Reports: ND456375-ND4: Probing Interactions between Hydrocarbons and Auxiliary Guests inside Cucurbituril Using Fluorinated Metal-terpyridine Complexes
Eric Masson, PhD, Ohio University
The long-term goal of this project is to develop assays to characterize complex hydrocarbon mixtures such as crude oil batches. To that aim, we designed a supramolecular complex formed upon interaction of the macrocycle Cucurbituril (CB) and of a fluorinated probe bearing a CB-binding unit. The cavity of CB is large enough to accommodate both the probe and a hydrocarbon analyte. The nature of the CB-binding unit thus impacts the selectivity of the probe towards the analytes. Hydrocarbon binding is monitored by nuclear magnetic resonance (NMR), UV-Vis and fluorescence spectroscopy.
So far, this grant has allowed a second year graduate student to publish his first article (Org. Lett. 2017, 19, 4303). The same graduate student, as well as two Ohio University undergraduate students and an exchange student from the University of Mulhouse, France, have gathered enough data to generate two more publications in the coming months. This ACS PRF grant is having a tremendous impact on our research output, and is paving the way for the preparation of a US Department of Energy (DOE) grant.
3. State of Research
The first hydrocarbon probe we designed was Ruthenium(II) tris(2,2′-bipyridyl) complex 1, with one of the bipyridyl ligands bearing (1) a tolyl group at position 4′ as CB-binding unit, (2) a carboxylate substituent at position 6′ to weaken CB binding, and (3) a trifluoromethyl group at position 4, to allow the monitoring of the binding mechanism by 19F NMR spectroscopy. Guest 1 formed a homo-ternary complex in the presence of 0.50 equiv CB in deuterium oxide, as shown by both 1H and 19F NMR spectroscopy (see Figure 1).
Figure 1. Formation of homo-ternary complex 12.CB. (a) 1H NMR spectrum of Ru complex 1; (b) 1H NMR spectrum of complex 12.CB; (c) 19F NMR spectrum of Ru complex 1; (d) 19F NMR spectrum of complex 12.CB.
A series of 20 liquid hydrocarbons were then added (in excess) to the homo-ternary complex, resulting in their encapsulation by the CB/auxiliary guest pair and the partial formation of hetero-ternary complex 1.H.CB. The binding process is clearly monitored by 19F NMR spectroscopy, with the appearance of a new signal pertaining to hetero-ternary complex 1.H.CB (see Figure 2). Remarkable selectivity was also observed: all tested cyclic hydrocarbons except cyclodecane underwent encapsulation (C5-C8 as cycloalkanes and cycloalkenes), while aliphatic members of the series (C5-C10) did not. The probe responds to guest volume, as cyclohexane binds better than cyclopentane and cycloheptane, and cycloheptene better than cyclopentene and cyclohexene. Cis- and trans-decalin interacted very strongly, up to 8,700 times better than benzene, and at least 105 times better than parent cyclodecane. More surprising is the selectivity of the probe for cycloalkanes, compared to cycloalkenes and benzene; in fact, the latter displays the weakest affinity for the probe among the series of interacting hydrocarbons.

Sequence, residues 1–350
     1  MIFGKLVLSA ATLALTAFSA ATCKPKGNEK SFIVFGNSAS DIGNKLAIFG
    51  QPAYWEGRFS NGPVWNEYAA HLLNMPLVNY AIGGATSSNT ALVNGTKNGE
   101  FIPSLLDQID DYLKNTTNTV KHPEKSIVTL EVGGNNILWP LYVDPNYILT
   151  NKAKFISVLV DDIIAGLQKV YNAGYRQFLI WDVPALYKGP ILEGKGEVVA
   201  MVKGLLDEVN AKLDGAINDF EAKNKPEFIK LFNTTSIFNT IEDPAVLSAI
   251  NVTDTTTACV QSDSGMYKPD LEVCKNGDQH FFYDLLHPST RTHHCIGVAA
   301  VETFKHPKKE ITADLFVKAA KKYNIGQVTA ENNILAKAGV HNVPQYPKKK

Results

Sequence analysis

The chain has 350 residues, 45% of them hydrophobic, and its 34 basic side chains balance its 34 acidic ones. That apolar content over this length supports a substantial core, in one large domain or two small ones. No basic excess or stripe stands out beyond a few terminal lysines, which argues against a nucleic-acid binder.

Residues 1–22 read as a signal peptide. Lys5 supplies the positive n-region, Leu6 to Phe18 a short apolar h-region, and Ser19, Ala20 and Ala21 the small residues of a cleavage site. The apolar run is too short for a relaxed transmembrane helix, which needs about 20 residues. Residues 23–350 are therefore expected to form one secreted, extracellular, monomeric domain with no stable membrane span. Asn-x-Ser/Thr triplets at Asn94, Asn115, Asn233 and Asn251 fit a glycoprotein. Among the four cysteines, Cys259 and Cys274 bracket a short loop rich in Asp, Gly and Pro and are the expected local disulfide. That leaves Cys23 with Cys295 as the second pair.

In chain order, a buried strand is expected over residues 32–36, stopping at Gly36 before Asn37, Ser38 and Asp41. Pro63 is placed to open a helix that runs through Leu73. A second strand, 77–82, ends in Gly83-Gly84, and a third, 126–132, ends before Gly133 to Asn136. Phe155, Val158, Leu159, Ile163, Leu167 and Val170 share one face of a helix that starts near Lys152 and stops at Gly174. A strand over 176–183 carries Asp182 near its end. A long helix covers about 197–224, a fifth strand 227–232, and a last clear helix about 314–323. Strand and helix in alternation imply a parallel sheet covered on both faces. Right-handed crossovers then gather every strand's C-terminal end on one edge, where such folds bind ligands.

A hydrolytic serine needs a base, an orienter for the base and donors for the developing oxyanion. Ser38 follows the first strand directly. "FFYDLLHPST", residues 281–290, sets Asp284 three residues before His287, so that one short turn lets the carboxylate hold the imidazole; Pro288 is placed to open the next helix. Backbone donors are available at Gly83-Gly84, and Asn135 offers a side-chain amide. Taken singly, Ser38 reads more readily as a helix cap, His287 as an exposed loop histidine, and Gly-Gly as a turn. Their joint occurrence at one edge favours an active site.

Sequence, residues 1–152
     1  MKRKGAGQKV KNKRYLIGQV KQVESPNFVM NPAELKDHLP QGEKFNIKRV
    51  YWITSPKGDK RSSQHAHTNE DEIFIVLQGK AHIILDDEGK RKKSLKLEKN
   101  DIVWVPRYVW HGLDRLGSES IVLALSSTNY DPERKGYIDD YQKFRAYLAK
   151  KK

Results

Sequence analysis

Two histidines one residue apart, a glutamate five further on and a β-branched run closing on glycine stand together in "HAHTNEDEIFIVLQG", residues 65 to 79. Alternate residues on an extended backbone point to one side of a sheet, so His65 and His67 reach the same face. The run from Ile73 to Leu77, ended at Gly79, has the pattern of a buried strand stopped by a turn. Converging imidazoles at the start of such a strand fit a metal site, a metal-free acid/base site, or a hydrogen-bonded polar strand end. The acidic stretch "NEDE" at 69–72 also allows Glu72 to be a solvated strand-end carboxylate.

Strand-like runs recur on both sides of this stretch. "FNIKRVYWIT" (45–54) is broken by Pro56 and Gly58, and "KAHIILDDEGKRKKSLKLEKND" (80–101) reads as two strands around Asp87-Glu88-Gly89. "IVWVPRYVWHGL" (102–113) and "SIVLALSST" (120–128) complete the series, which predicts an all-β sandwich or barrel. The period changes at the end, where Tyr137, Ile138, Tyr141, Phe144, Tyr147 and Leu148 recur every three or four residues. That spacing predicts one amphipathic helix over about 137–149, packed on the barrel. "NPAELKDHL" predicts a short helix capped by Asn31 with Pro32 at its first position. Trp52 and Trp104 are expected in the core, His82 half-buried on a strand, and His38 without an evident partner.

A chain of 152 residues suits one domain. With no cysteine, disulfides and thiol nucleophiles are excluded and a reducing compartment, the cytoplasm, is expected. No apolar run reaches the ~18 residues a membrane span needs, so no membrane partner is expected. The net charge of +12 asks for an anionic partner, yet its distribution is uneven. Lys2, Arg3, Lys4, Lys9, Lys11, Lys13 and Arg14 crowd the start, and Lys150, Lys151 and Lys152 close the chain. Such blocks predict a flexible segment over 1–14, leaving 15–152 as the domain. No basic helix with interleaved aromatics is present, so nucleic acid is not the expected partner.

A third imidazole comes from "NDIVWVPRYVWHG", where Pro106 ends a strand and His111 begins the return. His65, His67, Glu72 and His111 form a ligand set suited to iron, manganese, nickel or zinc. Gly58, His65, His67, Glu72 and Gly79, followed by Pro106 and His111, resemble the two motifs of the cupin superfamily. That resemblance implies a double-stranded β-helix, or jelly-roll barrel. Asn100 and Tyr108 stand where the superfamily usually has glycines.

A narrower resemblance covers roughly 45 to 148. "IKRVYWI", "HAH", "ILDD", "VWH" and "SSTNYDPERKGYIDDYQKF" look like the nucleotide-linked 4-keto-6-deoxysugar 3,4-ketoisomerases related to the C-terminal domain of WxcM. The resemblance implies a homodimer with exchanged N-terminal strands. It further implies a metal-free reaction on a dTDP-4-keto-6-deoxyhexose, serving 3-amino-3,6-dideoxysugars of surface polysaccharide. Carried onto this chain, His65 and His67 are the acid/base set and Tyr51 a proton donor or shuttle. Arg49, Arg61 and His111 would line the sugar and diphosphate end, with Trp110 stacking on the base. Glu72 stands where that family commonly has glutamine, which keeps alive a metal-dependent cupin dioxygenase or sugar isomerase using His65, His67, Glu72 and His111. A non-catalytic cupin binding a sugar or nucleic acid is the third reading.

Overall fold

Figure 2. Equilibrium between homo-ternary complex 12.CB, hydrocarbons, CB and hetero-ternary complex 1.H.CB. Monitoring of the recognition process by 19F NMR spectroscopy for (a) cyclopentane, (b) cyclohexane, (c) cycloheptane and (d) trans-decalin.
We then assessed in detail the thermodynamics of the recognition process, and showed that both the desolvation of the hydrocarbon upon encapsulation and the dispersive interactions between the hydrocarbon, the auxiliary guest and the inner wall of CB regulate the binding affinity. To isolate both terms, we showed that instead of considering the equilibrium between the CB/auxiliary guest pair and the hydrocarbon in aqueous solution, we could assess the equilibrium between the pair in solution and the hydrocarbon in the gas phase, thereby removing the impact of hydrocarbon desolvation on the interaction. As far as interactions between auxiliary guest 1, CB and the hydrocarbon are concerned, we could then show that CH-pi interactions between the aromatic (tolyl) unit of auxiliary guest 1 and the hydrocarbons contribute significantly to the binding affinity, while pi-pi interactions (with benzene, for example) are inexistent. The last statement nicely supports recent computational results indicating that interactions between units bearing less than 10 atoms each are dictated by the geometry of the assembly, and not by interactions between pi orbitals.
4. On-going and future studies
As mentioned in our Organic Letters article, the synthesis of guest 1 is time consuming, and the purification of several intermediates leading to its preparation is particularly tedious. We are thus refining the structure of our probes to allow rapid synthesis and diversification of the CB-binding unit. Guests 2 and 3 are currently being prepared, and their binding towards hydrocarbons (including terpenes present in natural oils) are being assessed. Progress will be reported in due course.